Summer offers Vermonters a great chance to get closer to nature. But sometimes nature gets a bit too close to us. With black bear sightings in the state more than doubling since last year, Vermont Edition looks at how you can make sure your yard isn't attracting them.
Forrest Hammond, black bear project leader for Vermont Fish & Wildlife Department, and Bill Kilpatrick, UVM professor emeritus of biology, discuss Vermont's uptick in bear encounters, what you can do to keep yourself (and the wildlife around you) safe and how to report bear sightings.
If you do come in contact with a bear, Hammond and Kilpatrick have some advice.
Black bears have notoriously bad eyesight. So if you come across one, try to appear bigger than them by holding your hands up above your head. The bear may mistake you for another larger bear, and stay away.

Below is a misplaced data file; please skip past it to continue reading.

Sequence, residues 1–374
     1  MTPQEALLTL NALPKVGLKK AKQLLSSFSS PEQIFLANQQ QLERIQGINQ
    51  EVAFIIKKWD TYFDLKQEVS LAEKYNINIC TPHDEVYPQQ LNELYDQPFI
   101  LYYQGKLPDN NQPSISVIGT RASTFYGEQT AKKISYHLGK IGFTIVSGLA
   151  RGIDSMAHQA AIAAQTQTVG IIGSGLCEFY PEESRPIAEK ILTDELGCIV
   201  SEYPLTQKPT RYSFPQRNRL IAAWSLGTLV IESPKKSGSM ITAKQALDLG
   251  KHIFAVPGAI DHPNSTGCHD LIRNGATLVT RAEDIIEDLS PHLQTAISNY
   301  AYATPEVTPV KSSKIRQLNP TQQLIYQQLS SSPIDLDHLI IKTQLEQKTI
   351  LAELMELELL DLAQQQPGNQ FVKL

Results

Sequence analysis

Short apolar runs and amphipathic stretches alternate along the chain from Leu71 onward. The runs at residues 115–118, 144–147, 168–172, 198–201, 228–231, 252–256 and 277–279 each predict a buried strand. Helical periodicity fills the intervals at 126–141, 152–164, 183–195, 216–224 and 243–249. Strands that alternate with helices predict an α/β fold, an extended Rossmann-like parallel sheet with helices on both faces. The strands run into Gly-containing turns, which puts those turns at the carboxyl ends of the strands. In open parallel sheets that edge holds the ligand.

Bears don’t like loud noises, so make as much noise as possible. For problem bears, some people use air horns, but for the young ones often wandering into Vermont backyards, simple shouting will do. “Holler at them,” Hammond suggests. “Say you’re not welcome here. … They don’t understand you of course, but your tone of voice will do it for them.”
Although bears may not look particularly speedy, they can run up to 30 miles per hour. And Kilpatrick cautions that running can escalate the situation. “Just like dogs respond to animals running, they tend to chase it. If this is a predatory response for the bear, it’s likely then going to come after that person who’s running.”
Although Vermont’s bear population has exceeded the department’s management goals, Hammond says he sees the increase in black bear sightings as a test case. “It’s a social carrying capacity we’re looking at. How many bears will people tolerate?”
Broadcast on Thursday, June 28 at noon; rebroadcast at 7 p.m.